Conclusions


The uptake of solar energy can help reduce Australia’s carbon emissions and compile with our 2030 target. Rooftop solar PV system is a valuable opportunity to reduce carbon emissions while saving money and Solar PPAs are a no-investment option.

See how much carbon dioxide you can abate, and learn what your estimated annual savings would be by clicking here.

References


Australian Government, 2015, Australia’s 2030 Emissions Reduction Target - Strong, credible, responsible, Department of Agriculture, Water and the Environment , viewed 31 August 2020,

<https://www.environment.gov.au/system/files/resources/f52d7587-8103-49a3-aeb6-651885fa6095/files/summary-australias-2030-emissions-reduction-target.pdf>


Zen Energy, 17 Feb 2020, 5 Advantages of Solar Energy on the Environment, Zen Energy, viewed 31 August 2020,

<https://www.zenenergy.com.au/blog/five-advantages-of-solar-energy-on-the-environment/>

Global Footprint Network, 2020, Climate Change, viewed 31 August 2020,

<https://www.footprintnetwork.org/our-work/climate-change/>


Christina Nunez, 13 May 2019, Carbon dioxide levels are at a record high. Here's what you need to know, viewed 31 August 2020,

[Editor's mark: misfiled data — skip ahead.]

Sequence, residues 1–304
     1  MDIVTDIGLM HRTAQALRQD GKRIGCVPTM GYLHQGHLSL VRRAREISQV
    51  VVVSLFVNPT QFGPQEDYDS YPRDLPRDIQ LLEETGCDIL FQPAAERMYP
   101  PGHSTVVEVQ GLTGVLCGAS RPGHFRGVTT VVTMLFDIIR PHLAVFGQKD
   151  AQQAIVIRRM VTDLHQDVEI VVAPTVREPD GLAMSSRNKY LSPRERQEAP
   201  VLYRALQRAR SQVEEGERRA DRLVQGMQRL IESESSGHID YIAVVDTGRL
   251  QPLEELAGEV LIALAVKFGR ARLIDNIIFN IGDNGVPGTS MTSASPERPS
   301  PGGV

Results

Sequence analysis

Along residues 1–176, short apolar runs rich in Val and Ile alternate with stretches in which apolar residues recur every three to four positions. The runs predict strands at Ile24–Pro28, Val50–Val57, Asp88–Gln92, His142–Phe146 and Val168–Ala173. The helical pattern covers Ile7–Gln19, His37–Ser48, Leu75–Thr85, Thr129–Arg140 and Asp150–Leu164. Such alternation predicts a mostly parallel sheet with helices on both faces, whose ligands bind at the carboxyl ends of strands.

<https://www.nationalgeographic.com/environment/global-warming/greenhouse-gases/>


Department of Industry, Science, Energy and Resources, August 2019, National Greenhouse

Accounts Factors, Australian Government, viewed 31 August 2020,

<https://www.industry.gov.au/sites/default/files/2020-07/national-greenhouse-accounts-factors-august-2019.pdf>


Budget Direct, April 2020, Average kilometres travelled per day/per year in Australia 2020, Budget Direct, viewed 31 August 2020,

<https://www.budgetdirect.com.au/car-insurance/research/average-kilometers-driven.html>


National Transport Commission, 22 June 2020, Carbon dioxide emissions intensity for new Australian light vehicles 2019, National Transport Commission, viewed 31 August 2020,

<https://www.ntc.gov.au/transport-reform/light-vehicle-emissions#:~:text=Australia's%20average%20emissions%20intensity%20for,they%20are%2025%20per%20cent.>


Joseph Coppolino, 20 August 2020, How Planting Trees Can Reduce Your Carbon Footprint, One Tree Planted, viewed 31 August 2020,

<https://onetreeplanted.org/blogs/stories/planting-trees-reduce-carbon-footprint>